There is a little bit of Myro all over Prestwich. She laughs, “My husband calls me the mayor of Prestwich because we can’t go anywhere without someone stopping me to ask if I’m the lady that does the drawing!” Myro’s art is ubiquitous in this north Manchester town, bringing a pop of colour to shop windows up and down the high street. It’s fitting that she should be so well represented here, as the town holds a special place in her heart. “Prestwich will always be home; it’s where the more public part of my work started.”

“While I was working at a local community shop, they found out I could draw and soon I was doing all of the labels and signage – I think there’s still some doodles of mine on their A-board! The windows were always empty, and one day someone handed me a pack of chalk pens and asked me to draw on the window. And I remember being horrified – ‘you want me to draw on the glass?!’ I was gobsmacked that you could even do it. My first design left a lot to be desired but it wasn’t awful – and people loved it. I didn’t invent window art, but there wasn’t really anything like that around here before. People started to look forward to the next designs – it was a labour of love, but it became a real feature.”

And what began as doodling on the job quickly became a job in itself. “Over time, other local businesses started to come in and offer to pay me to do theirs. And it grew and grew. I did more in Manchester and Altrincham, and then in Cheshire and the Midlands. Suddenly, I found myself with a job live drawing for Chambord at an event at Kensington Olympia in London, and that came about because someone had been out for a drink in Prestwich, seen my artwork, and looked me up on Instagram. It was a real wow moment.”

One of Myro’s most special projects, however, came about in 2018, in the aftermath of the Manchester Arena bombing. Wanting to mark the first anniversary of the tragedy while raising money for the charity set up to help those affected, Myro launched the 22 Bees Project, which aimed to see 22 bees – one for each of the victims of the bombing – doodled in the windows of local businesses. The urge to do something to commemorate the anniversary came from Myro’s great love of the city itself, and its people. “I think, in some other places, belonging is to do with being born there or living on the right postcode – but in Manchester, whether you were born here or you arrived six months ago, you’re in. You don’t have to have the accent, wear a parka, or eat gravy, but you’re part of the community. I think it’s very rare to find an identity like that, that’s so precious but also so welcoming and inclusive.”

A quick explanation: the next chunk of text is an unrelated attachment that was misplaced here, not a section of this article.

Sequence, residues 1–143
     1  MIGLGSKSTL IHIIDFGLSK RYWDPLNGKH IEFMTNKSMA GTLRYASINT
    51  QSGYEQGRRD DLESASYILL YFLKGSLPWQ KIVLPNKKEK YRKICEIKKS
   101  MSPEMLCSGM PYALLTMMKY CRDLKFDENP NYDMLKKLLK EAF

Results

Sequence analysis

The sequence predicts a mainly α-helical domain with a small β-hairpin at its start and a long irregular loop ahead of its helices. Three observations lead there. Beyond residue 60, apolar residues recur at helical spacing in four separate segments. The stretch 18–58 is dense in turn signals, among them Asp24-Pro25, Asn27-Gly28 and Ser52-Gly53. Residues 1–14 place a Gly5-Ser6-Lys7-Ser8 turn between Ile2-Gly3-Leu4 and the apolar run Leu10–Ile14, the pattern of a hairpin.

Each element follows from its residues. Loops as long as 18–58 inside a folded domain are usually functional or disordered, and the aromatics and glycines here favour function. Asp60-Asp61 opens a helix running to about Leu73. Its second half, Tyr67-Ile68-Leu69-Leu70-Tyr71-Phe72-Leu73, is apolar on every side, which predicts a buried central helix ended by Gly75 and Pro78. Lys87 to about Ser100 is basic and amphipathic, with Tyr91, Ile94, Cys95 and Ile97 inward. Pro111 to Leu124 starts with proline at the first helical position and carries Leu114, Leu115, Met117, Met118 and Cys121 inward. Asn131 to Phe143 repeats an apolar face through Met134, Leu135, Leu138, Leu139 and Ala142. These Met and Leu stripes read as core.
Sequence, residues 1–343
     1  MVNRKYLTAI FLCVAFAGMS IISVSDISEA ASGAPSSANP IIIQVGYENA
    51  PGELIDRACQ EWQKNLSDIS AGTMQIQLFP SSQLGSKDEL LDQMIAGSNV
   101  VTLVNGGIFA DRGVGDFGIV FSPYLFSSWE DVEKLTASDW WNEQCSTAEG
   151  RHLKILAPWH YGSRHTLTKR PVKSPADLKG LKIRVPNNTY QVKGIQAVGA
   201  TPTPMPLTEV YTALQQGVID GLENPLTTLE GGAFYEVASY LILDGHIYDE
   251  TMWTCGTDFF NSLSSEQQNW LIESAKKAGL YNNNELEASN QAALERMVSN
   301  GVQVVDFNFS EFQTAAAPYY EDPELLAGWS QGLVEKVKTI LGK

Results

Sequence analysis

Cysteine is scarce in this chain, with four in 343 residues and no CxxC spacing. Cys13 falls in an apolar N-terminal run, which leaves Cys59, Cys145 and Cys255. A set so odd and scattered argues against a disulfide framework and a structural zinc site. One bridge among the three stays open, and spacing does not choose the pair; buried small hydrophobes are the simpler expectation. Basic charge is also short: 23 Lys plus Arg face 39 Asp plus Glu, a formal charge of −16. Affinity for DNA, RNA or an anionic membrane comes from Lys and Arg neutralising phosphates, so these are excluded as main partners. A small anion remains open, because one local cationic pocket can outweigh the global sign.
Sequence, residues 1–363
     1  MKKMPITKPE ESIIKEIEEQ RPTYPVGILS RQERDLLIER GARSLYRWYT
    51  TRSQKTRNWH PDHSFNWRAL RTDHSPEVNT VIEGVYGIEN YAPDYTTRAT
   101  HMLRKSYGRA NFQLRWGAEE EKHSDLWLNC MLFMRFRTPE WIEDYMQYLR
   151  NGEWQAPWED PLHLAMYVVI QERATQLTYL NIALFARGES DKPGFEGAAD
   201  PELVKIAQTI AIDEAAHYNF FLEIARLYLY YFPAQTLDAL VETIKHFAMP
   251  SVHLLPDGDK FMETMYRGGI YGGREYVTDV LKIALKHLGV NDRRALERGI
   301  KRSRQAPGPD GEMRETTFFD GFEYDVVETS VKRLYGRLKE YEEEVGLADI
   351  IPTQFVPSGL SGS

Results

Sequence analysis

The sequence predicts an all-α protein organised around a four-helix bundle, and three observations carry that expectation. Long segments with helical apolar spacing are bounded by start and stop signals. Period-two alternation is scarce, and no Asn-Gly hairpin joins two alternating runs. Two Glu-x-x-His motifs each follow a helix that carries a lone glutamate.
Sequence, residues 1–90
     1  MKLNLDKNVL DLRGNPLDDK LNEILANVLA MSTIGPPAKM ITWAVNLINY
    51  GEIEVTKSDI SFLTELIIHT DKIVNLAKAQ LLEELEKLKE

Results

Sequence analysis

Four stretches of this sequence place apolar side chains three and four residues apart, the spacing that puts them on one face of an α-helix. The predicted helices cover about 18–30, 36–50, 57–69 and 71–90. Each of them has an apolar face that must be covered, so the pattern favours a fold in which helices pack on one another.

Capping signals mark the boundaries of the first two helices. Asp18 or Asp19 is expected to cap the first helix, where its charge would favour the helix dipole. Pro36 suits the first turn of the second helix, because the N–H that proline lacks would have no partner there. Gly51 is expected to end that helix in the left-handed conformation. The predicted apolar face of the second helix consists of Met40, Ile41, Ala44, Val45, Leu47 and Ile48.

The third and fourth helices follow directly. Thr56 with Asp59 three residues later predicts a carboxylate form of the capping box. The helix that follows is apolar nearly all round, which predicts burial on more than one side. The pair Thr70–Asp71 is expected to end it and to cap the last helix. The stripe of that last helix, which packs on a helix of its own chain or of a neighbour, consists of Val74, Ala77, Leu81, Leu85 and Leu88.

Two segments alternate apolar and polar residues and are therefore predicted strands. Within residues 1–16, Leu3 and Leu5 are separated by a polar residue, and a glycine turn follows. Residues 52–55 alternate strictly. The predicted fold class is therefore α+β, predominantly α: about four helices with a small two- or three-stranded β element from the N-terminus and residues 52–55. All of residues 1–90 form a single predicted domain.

It’s a Mancunian identity and community that has strengthened the wake of the attack. “I didn’t know anyone directly affected by the bombing,” she tells me. “But at the same time, I felt like I knew everyone. So often, in big cities where these things have happened before, there’s a massive focus on keeping calm and carrying on – I’m thinking of images like the man walking down Tower Bridge with a pint in his hand. And I understand the need to do that. But here, it seemed to hit everyone. The next day, it felt like everyone was in mourning – it was the saddest day.”

It wasn’t long before the bee – the long-time emblem of Manchester inspired by its industrial past – became a symbol of hope and togetherness. Completing the 22 Bees Project, with help from two other local illustrators, Myro tells me how real that hope felt. “On the day we did the 22 Bees Project – the first anniversary of the bombing – I had the privilege of being in Manchester all day. I was expecting it to be sad and horrible, but it was one of the most uplifting experiences of my life. In a city of millions of people, it felt like everyone was a friend.” The 22 Bees Project ultimately included over 200 bees around Manchester and the surrounding towns, raising almost £10,000 for the charity Forever Manchester

From charity work, to local businesses, to big brands, Myro’s distinctive style shines through in all of her work. It’s bold and colourful, with swirling text and floral nods to her Ukrainian heritage. This style is what gives every Myro Doodles piece – be it a shop window or a wedding invitation – a truly personal feel, one that Myro is rightly proud and protective of.

“Sometimes I get a commission and it’s not really my style, but I know that it would be a great fit for someone else. So I put them in touch – or it works the other way round, and someone will put a client in touch with me. I’m part of a collective with two other local illustrators and this works really well for us.” It’s refreshing to hear about small business owners that are collaborative rather than competitive, bettering themselves while building up others. Myro is a vocal advocate for creative women, and often uses her social media space to champion other female business owners. “The world is competitive enough without us adding to that!” she says. “Bitchiness is almost expected when women work together, there’s a definite stereotype there. And that’s a problem.” It’s a stereotype that Myro is keen to overcome. “There used to be a business narrative of the ‘boss bitch’ but I think that’s over now. I’d like to be able to prove that you don’t have to be like that, that nice girls can make it.”